All Americans would have access to “essential health care benefits,” with no annual or lifetime limits, employers would have to contribute to the cost of coverage and the government would create a new public insurance program under sweeping legislation drafted by Senator Edward M. Kennedy and circulated Friday.
Under the legislation, the government would subsidize premiums for people with incomes up to 500 percent of the poverty level ($110,000 for a family of four), and private insurers would have to pay out a specified percentage of their premium revenues in benefits.
Mr. Kennedy’s bill would also establish a new insurance program to provide home- and community-based care for 10 million people with severe disabilities.
The bill gives no indication of how Mr. Kennedy would pay for his proposals, other than by requiring contributions by individuals and employers.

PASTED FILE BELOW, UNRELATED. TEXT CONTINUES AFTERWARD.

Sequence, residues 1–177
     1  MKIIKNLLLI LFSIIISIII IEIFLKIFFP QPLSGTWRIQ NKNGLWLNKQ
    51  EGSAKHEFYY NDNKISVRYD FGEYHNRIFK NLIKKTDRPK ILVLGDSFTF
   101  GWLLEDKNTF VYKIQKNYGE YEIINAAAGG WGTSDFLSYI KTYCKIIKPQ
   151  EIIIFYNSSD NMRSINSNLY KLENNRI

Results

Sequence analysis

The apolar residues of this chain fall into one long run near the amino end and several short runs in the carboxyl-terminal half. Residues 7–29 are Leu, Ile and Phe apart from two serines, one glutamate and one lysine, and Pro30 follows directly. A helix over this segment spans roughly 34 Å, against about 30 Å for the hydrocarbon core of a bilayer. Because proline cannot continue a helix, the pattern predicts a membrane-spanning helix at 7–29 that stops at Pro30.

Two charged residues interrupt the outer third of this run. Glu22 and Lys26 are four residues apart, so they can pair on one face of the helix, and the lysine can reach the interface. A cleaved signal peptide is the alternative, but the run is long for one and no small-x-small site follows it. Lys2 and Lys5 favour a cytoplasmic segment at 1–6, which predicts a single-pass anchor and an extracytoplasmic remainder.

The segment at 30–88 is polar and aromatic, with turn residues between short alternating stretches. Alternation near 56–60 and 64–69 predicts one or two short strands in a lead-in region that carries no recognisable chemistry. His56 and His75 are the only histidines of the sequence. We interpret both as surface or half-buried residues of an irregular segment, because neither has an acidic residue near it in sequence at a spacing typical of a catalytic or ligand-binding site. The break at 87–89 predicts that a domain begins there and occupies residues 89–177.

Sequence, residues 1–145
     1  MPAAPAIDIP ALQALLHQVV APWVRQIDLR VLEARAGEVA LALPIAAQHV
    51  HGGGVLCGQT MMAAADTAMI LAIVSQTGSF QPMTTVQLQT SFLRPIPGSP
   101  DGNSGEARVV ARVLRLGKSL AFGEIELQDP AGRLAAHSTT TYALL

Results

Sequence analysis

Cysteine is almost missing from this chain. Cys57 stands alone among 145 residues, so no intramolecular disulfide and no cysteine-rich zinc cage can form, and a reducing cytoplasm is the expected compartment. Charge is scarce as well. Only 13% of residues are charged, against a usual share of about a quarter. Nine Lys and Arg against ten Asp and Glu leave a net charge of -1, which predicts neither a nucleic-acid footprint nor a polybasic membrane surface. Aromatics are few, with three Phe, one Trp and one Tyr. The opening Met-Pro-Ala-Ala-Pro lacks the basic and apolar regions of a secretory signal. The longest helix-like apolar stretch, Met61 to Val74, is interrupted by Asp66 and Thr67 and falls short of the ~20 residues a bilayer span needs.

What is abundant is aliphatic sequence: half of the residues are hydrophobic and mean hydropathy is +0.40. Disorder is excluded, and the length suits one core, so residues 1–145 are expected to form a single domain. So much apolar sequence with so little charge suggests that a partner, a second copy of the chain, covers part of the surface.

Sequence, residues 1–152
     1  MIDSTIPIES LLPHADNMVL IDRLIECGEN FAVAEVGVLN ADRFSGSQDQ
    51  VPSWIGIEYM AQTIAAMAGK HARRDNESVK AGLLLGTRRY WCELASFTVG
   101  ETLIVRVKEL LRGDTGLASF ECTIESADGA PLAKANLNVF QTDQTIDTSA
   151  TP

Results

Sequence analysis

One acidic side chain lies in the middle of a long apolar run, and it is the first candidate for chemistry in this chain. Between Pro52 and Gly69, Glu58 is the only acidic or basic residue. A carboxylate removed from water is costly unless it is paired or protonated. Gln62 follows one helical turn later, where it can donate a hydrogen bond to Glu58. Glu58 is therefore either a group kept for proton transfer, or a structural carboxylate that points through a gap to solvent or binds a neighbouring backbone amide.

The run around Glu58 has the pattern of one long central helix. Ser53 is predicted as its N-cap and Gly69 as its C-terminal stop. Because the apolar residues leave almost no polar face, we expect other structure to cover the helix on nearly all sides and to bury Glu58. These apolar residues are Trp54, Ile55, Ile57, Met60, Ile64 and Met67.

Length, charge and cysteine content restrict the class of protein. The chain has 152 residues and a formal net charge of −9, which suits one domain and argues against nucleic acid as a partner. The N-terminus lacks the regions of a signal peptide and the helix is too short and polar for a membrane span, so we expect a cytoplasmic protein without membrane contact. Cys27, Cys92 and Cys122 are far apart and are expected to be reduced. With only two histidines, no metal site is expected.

Anthony Coley, a spokesman for Mr. Kennedy, said the legislative language circulated in Washington on Friday was “a draft of a draft.” Democratic members of the committee “are still actively talking among themselves and their Republican colleagues,” and “there is no final policy,” Mr. Coley said.
As expected, the Kennedy bill, called the American Health Choices Act, is to the left of one being written by the Senate Finance Committee, headed by Senator Max Baucus, Democrat of Montana. Senate Democratic leaders said the two bills would be merged before going to the Senate floor — in July, they hope.